Call for Submissions – National Law School of India Review, Vol. 29(1)

[The following announcement is posted on behalf of the National Law School
of India Review]

The National
Law School of India Review (NLSIR) is now accepting submissions for its
upcoming issue – Volume 29(1). The NLSIR is the flagship law review of the
National Law School of India University, Bangalore, India. The NLSIR is a
bi-annual, student edited, peer-reviewed law journal providing incisive legal
scholarship on issues that are at the forefront of contemporary legal
discourse. For more than 25 years, the NLSIR has regularly featured articles
authored by judges of the Indian Supreme Court, senior counsels practicing at
the Indian bar, and several renowned academics.
The most recent issue of the NLSIR, Vol. 28(1) and
28(2), will feature contributions by Professor Michael Philip Furmston,
Emeritus Professor of Law, Singapore Management University, and Surabhi Chopra, Assistant Professor at the
Faculty of Law, Chinese University of Hong Kong, among several others. 
in August 2009, NLSIR attained the unique distinction of being the only Indian
student-run law journal to be cited by the Supreme Court of India, in Action
Committee, Un-Aided Private Schools v. Director of Education. NLSIR has also
recently been cited in Justice R. S. Bachawat’s Law of Arbitration and Conciliation,
a leading treatise on arbitration law in India.
Papers may be submitted under the following
1. Long Articles: Between 5000 and 8000
words, inclusive of footnotes. Papers in this category are expected to engage
with the theme and literature comprehensively, and offer an innovative
reassessment of the current understanding of that theme. It is advisable,
though not necessary, to choose a theme that is of contemporary importance.
Purely theoretical pieces are also welcome.
2. Essays: Between 3000 and 5000 words,
inclusive of footnotes. Essays are far more concise in scope. These papers
usually deal with a very specific issue, and argue that the issue must be
conceptualized differently. They are more engaging, and make a more easily identifiable,
concrete argument.
3. Case Notes and Legislative Comments: Between
1500 and 2500 words, inclusive of footnotes. This is an analysis of any
contemporary judicial pronouncement or a new piece of legislation whether in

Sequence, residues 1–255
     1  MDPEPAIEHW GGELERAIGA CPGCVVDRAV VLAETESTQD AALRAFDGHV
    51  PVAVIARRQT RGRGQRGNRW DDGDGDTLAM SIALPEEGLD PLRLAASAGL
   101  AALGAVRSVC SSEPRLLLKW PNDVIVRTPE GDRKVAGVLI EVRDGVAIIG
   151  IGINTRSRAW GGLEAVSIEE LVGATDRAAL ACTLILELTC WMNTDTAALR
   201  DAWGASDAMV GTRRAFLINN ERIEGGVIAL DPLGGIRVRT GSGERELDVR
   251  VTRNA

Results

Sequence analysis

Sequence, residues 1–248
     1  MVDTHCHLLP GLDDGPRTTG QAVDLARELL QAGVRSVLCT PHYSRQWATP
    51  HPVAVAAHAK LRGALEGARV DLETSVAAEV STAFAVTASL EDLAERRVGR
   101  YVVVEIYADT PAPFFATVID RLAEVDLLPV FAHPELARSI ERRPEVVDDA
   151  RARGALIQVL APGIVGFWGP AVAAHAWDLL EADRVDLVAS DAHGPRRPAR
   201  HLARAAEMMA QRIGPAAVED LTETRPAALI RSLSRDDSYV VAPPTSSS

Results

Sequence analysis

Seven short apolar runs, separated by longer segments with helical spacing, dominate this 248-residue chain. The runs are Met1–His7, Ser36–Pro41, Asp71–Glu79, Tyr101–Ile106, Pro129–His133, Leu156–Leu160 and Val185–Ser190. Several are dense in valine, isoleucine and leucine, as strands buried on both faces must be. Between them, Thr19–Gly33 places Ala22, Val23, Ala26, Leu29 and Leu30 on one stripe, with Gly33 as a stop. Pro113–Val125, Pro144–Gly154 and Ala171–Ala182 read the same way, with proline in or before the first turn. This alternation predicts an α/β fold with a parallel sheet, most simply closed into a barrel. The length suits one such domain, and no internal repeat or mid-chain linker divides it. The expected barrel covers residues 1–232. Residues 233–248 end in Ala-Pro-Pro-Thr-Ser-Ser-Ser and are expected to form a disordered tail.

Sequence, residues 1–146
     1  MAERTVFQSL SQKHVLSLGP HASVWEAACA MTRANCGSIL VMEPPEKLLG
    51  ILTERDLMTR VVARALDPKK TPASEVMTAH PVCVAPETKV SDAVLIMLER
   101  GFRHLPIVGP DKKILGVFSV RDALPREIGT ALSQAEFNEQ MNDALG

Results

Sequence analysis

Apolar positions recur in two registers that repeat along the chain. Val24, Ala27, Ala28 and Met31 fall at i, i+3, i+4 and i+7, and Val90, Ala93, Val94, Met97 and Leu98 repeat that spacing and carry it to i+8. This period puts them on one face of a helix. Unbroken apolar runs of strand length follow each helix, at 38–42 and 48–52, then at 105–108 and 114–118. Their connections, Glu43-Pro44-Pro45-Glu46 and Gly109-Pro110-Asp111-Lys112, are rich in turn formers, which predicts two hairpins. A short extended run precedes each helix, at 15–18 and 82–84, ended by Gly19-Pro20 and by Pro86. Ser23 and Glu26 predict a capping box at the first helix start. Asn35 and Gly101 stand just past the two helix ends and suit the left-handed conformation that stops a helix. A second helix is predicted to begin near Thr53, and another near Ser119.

India or elsewhere. The note must identify and examine the line of cases in
which the decision in question came about, and comment on implications for the
evolution of that branch of law. In case of legislative comment the note must
analyze the objective of the legislation and the legal impact the same is
expected to have.
Authors are requested to note that pieces engaging
with a foreign theme or legal development, in any of the above categories,
should also explain its relevance in the Indian context, whether by virtue of
similar laws or otherwise.
Submissions are preferred in Times New Roman font,
double-spaced. Main text should be in font size 12 and footnotes in font size
10. All submissions must be in docx format. The review uses only footnotes (and
not end-notes) as a method of citation. Submissions must conform to the
Bluebook (19th edn.) system of citation.
The NLSIR only accepts electronic submissions. All
submissions should contain the name of the author, professional information,
the title of the manuscript, and contact information. The last date for
submissions to Volume 29(1) is the 1st of November, 2016.
Submissions may be emailed to 
[email protected] under the subject heading
’29(1) NLSIR – Submissions.’

About the author

Umakanth Varottil

Umakanth Varottil is an Associate Professor at the Faculty of Law, National University of Singapore. He specializes in corporate law and governance, mergers and acquisitions and cross-border investments. Prior to his foray into academia, Umakanth was a partner at a pre-eminent law firm in India.

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